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IN A SEEMINGLY PIVOTAL GAME OF THEIR PLAYOFFS, the Penguins won the battle of wounded knee—courtesy of Sergei Gonchar.
You probably know somebody like Gonchar, at least from the movies. He is the cowboy in a Western who bites a bullet while some quack sawbones yanks a slug out of his leg. The defenseman was playing with a right knee so badly damaged that a surgeon with a scalpel—or, if Gonchar is as tough as he appears, a Bowie knife—was set to operate the moment that the Stanley Cup finals concluded.
Gonchar, victim of a knee-on-knee drive-by courtesy of Alex Ovechkin in Game 4 of the conference semifinals against the Washington Capitals that probably should have knocked him out of the playoffs, scored on a screened power-play slapper that proved to be the winner in the 4-2 Penguins victory.
Gonchar's goal at 10:29 of the third, coming after Fleury had survived a two-period, 26-shot onslaught by the dominant Red Wings, had—for the moment, at least—saved the Penguins' season.
THE DÉJÀ VU STANLEY Cup finals became Must-See TV.
After following the script of the 2008 series, the near-rerun was replaced by a 2½-hour spectacular (with a second period for the ages) that was wildly entertaining and raucous. Playing for the fourth time in six nights, a hellish pace for midseason let alone the NHL's showcase event, the Penguins broke the old pattern and seemingly left the Red Wings' legendary poise in tatters with a 4-2 win.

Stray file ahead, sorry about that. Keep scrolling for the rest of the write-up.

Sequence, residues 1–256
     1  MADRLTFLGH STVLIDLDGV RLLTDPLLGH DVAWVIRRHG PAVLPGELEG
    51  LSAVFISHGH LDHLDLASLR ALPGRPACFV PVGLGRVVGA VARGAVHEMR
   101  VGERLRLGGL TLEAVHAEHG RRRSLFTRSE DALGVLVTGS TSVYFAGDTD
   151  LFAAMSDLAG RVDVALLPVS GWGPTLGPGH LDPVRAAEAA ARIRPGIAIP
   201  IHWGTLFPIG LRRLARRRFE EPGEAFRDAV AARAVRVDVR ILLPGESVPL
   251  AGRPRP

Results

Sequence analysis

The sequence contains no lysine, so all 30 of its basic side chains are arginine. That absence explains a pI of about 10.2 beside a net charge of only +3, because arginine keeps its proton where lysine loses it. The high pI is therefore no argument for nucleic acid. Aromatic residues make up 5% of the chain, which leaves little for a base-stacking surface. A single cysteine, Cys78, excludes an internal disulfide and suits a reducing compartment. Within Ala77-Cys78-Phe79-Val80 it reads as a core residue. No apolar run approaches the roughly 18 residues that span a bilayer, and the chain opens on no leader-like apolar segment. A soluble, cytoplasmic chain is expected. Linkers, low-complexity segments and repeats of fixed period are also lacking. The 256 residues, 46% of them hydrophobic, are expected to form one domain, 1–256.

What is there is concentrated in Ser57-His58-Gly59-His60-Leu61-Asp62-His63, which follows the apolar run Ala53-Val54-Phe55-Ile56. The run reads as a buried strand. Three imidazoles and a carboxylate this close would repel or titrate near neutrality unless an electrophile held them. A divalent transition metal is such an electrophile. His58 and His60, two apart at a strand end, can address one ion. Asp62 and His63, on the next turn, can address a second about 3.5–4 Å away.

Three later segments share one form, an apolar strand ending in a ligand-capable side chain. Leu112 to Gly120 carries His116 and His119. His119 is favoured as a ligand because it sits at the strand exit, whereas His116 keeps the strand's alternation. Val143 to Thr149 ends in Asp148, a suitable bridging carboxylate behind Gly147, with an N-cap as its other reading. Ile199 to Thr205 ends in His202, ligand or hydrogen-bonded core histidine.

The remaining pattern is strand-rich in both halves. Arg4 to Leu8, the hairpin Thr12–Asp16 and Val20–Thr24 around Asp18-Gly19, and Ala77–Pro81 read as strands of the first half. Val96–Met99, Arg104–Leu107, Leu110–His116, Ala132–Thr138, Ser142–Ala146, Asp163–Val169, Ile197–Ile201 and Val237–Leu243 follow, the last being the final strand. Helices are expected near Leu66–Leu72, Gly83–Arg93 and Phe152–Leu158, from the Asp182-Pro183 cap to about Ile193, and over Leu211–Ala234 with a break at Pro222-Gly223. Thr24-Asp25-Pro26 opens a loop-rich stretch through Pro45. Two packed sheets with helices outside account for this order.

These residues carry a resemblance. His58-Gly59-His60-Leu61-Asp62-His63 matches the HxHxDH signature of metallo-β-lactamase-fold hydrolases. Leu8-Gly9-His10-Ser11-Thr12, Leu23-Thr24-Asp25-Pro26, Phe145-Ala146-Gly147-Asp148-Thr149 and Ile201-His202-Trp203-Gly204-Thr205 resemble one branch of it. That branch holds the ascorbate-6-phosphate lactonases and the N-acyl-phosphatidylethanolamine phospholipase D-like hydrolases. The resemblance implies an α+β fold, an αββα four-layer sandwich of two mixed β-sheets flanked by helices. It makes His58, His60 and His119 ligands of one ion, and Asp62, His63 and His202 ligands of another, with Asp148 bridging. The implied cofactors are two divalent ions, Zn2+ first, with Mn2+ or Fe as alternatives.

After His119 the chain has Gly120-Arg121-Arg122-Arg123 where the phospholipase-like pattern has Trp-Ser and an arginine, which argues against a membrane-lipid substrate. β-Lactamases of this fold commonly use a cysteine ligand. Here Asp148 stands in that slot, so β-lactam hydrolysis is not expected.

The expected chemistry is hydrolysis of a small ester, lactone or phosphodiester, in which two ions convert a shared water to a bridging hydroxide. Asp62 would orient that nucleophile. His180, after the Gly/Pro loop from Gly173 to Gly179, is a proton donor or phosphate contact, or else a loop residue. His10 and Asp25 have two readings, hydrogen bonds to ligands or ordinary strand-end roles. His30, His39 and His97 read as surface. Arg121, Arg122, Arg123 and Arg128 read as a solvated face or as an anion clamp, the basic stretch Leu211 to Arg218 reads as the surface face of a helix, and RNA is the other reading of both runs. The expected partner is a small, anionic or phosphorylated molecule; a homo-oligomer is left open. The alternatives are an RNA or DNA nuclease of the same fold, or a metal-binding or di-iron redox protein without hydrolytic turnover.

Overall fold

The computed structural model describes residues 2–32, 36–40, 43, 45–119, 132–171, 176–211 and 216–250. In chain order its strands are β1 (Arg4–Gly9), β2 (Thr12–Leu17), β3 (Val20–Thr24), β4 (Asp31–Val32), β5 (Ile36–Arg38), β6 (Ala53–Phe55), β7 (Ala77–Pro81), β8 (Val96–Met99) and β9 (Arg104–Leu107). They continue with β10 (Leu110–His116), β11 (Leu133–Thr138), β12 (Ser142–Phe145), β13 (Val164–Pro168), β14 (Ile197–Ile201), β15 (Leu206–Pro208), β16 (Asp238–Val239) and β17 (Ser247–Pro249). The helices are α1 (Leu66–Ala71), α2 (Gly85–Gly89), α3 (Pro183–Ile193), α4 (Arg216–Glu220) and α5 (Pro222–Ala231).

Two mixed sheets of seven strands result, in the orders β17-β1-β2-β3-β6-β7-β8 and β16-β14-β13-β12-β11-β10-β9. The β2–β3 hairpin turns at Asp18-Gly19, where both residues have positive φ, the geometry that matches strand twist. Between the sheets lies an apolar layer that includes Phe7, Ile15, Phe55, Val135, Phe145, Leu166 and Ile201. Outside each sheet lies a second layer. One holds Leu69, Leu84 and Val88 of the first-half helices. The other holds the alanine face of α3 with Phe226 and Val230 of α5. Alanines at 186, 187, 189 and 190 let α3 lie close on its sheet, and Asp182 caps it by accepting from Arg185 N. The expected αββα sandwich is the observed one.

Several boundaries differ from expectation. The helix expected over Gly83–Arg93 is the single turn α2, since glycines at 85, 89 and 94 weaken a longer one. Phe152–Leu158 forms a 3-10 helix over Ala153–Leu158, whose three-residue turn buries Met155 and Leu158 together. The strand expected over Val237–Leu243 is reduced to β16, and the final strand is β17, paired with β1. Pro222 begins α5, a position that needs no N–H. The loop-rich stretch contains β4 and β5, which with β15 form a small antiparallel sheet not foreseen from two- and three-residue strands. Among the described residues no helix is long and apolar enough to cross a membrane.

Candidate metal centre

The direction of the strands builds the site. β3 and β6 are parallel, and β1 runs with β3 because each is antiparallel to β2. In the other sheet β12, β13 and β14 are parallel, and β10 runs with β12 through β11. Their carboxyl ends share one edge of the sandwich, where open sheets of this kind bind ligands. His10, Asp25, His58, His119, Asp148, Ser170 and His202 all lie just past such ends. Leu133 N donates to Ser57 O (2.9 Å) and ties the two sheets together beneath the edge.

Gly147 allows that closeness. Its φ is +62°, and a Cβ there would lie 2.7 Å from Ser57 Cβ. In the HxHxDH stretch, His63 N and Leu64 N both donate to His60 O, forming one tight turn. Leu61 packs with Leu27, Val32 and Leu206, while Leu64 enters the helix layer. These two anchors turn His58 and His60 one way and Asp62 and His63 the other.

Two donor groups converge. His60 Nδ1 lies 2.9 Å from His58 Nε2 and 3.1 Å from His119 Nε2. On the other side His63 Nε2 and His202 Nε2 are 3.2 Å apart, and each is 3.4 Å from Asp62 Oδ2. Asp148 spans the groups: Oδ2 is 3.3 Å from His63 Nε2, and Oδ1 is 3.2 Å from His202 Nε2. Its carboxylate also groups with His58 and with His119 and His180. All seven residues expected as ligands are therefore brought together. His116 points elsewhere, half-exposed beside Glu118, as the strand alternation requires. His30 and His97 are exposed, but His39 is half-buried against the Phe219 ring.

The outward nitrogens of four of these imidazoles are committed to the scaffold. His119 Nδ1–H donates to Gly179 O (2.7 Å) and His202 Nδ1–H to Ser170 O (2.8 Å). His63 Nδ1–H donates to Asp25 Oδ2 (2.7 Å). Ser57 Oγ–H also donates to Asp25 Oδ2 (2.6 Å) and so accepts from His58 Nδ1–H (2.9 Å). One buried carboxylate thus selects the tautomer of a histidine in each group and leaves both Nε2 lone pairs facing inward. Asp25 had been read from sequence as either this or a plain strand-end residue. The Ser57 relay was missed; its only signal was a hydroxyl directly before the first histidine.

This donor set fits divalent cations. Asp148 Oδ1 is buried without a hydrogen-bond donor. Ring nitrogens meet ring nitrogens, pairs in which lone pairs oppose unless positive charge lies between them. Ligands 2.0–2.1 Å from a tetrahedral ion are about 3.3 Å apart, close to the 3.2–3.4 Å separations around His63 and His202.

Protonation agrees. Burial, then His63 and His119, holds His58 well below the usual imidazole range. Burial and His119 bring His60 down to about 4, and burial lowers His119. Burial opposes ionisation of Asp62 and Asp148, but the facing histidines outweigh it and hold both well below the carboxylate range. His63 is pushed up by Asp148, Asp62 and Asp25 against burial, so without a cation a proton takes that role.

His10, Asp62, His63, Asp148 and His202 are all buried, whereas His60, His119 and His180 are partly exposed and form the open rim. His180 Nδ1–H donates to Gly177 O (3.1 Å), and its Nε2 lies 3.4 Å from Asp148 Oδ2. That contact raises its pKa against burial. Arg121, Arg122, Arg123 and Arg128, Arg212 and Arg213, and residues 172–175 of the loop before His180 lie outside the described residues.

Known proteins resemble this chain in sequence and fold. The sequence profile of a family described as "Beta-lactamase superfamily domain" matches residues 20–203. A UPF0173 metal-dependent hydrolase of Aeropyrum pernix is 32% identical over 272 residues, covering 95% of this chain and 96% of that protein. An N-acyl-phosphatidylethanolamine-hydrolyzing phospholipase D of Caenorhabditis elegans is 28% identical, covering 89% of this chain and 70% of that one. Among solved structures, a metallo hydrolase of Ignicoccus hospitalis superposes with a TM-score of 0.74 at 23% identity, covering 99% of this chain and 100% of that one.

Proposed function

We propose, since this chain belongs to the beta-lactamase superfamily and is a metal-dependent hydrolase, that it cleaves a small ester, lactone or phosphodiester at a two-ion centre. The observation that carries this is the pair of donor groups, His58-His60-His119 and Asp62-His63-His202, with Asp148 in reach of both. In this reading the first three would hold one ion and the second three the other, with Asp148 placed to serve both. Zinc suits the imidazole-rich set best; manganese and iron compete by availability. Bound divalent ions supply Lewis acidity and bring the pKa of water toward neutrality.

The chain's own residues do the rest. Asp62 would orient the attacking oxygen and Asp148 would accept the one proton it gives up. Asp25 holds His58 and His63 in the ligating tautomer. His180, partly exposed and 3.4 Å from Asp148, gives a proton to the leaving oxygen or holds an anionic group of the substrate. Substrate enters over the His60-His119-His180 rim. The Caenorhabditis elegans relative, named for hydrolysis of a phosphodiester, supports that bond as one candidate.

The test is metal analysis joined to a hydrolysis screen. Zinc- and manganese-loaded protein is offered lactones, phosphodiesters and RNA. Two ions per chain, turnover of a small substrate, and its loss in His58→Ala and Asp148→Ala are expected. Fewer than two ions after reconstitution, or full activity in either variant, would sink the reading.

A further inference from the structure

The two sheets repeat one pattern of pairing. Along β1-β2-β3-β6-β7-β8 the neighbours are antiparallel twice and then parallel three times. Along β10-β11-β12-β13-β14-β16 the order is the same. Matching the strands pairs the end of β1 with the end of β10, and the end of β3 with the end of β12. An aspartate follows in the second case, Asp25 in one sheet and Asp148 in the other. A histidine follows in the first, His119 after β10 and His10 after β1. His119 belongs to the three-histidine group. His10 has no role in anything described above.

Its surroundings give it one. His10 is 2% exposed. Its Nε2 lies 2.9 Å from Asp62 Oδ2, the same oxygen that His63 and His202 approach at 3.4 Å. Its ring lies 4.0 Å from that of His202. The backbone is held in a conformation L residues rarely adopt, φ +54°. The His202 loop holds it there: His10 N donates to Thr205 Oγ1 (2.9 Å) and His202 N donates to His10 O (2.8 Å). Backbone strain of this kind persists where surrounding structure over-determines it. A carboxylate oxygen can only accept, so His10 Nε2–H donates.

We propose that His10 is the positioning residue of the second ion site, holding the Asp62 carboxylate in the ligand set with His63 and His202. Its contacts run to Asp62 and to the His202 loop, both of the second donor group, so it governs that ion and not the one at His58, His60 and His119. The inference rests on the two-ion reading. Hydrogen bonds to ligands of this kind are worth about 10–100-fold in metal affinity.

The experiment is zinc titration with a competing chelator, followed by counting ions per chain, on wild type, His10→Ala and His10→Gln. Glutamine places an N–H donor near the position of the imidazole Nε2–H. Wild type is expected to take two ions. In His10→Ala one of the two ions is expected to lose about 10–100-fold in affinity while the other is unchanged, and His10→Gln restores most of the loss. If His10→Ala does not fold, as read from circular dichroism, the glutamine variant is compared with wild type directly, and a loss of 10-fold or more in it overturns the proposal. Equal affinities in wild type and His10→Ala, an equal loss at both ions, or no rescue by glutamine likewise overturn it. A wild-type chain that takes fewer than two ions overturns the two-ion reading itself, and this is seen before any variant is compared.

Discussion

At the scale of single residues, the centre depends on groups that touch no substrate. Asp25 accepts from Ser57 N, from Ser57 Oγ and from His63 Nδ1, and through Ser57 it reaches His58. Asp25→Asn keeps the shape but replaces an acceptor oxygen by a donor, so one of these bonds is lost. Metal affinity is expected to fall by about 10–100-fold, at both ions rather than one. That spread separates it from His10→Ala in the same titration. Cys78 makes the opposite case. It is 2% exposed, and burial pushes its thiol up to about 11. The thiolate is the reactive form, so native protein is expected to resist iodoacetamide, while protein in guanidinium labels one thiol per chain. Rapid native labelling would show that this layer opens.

And though Fleury (37 saves) was brilliant for the Penguins, the match truly belonged to The Three Centers.
Malkin. In the past Malkin's performance in the playoffs has faded in and out like a bad cellphone connection. Can you hear him now? He opened the game by drawing a penalty and then scored a power-play goal with a poke on a rebound off the boards.
But Malkin was merely revving his engine. After taking a moronic hooking penalty five feet from Osgood in the second—the first of successive penalties that forced the Penguins to play shorthanded for the next 3:59—he would more than make amends. With the score tied 2-2 some three minutes after his penalty-box shame, Malkin picked Stuart's pocket at Detroit's right point and burst out on a two-on-one with Crosby. On occasion Bylsma had used the two centers on the same line, and there was no more serendipitous time than this one. Malkin drove down the right flank and Crosby down the left, leaving elongated Red Wings defenseman Jonathan Ericsson as the monkey in the middle. Malkin's first pass hit the defenseman, but Malkin gathered the puck and this time feathered one to Crosby, who had a tap-in goal, his first of the finals.